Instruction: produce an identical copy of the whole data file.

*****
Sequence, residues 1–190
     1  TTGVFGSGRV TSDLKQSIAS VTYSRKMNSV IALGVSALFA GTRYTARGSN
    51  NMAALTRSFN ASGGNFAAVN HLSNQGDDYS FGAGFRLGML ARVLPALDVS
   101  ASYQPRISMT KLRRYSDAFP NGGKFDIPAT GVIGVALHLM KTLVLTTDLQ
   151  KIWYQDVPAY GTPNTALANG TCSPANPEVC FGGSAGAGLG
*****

Sequence, residues 1–190
     1  TTGVFGSGRV TSDLKQSIAS VTYSRKMNSV IALGVSALFA GTRYTARGSN
    51  NMAALTRSFN ASGGNFAAVN HLSNQGDDYS FGAGFRLGML ARVLPALDVS
   101  ASYQPRISMT KLRRYSDAFP NGGKFDIPAT GVIGVALHLM KTLVLTTDLQ
   151  KIWYQDVPAY GTPNTALANG TCSPANPEVC FGGSAGAGLG